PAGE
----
3 years ago

Volume 26 Issue 2 - October 2020

  • Text
  • Classical
  • Artists
  • Choral
  • Concerts
  • Performances
  • Choir
  • Jazz
  • Musical
  • Toronto
  • October
Following the Goldberg trail from Gould to Lang Lang; Measha Brueggergosman and Edwin Huizinga on face to face collaboration in strange times; diggings into dance as FFDN keeps live alive; "Classical unicorn?" - Luke Welch reflects on life as a Black classical pianist; Debashis Sinha's adventures in sound art; choral lessons from Skagit Valley; and the 21st annual WholeNote Blue Pages (part 1 of 3) in print and online. Here now. And, yes, still in print, with distribution starting Thursday October 1.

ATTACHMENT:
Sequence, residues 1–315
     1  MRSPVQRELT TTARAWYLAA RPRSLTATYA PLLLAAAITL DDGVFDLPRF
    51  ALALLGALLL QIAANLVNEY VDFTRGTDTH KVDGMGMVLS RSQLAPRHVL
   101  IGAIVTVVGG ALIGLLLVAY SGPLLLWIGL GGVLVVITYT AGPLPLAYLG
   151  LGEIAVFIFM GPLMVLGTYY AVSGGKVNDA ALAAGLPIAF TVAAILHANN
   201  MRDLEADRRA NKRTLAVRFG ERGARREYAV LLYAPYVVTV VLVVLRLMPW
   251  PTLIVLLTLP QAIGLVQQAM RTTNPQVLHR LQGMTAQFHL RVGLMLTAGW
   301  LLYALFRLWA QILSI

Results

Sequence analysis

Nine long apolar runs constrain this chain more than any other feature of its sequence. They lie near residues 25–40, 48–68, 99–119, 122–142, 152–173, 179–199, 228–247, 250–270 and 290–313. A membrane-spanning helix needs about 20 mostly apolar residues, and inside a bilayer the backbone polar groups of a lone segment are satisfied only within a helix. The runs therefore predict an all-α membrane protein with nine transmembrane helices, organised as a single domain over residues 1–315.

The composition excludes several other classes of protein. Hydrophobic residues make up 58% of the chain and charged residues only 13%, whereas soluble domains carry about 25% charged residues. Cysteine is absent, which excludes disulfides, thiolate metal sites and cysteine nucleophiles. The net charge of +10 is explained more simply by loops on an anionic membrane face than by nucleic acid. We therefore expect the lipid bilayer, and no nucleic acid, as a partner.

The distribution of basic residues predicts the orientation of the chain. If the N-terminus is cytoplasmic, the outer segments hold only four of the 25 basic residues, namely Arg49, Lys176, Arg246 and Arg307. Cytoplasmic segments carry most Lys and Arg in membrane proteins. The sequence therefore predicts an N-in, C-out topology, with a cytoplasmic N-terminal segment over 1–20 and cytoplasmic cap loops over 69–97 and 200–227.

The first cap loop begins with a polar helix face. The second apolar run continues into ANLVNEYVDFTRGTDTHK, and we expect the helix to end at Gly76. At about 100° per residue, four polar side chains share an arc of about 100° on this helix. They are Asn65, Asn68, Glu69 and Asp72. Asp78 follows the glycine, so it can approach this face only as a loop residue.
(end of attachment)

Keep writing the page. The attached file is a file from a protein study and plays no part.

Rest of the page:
in a theatre in the